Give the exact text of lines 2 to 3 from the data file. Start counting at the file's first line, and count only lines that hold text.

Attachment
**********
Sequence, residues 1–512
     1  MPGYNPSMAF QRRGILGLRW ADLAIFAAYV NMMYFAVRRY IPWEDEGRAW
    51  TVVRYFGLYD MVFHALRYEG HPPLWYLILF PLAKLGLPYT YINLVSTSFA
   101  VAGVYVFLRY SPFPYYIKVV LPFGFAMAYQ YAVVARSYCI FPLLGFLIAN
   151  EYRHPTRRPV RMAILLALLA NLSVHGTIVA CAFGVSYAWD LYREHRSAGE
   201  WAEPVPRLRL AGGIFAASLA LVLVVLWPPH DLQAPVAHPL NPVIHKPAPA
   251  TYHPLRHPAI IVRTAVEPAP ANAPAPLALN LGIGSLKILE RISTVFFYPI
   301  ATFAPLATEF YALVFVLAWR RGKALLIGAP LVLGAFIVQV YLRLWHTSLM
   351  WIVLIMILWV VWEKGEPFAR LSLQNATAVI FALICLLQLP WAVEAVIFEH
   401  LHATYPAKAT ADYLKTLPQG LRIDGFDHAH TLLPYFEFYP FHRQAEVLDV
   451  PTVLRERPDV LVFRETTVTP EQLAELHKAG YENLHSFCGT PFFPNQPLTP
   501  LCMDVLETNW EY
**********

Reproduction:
     1  MPGYNPSMAF QRRGILGLRW ADLAIFAAYV NMMYFAVRRY IPWEDEGRAW
    51  TVVRYFGLYD MVFHALRYEG HPPLWYLILF PLAKLGLPYT YINLVSTSFA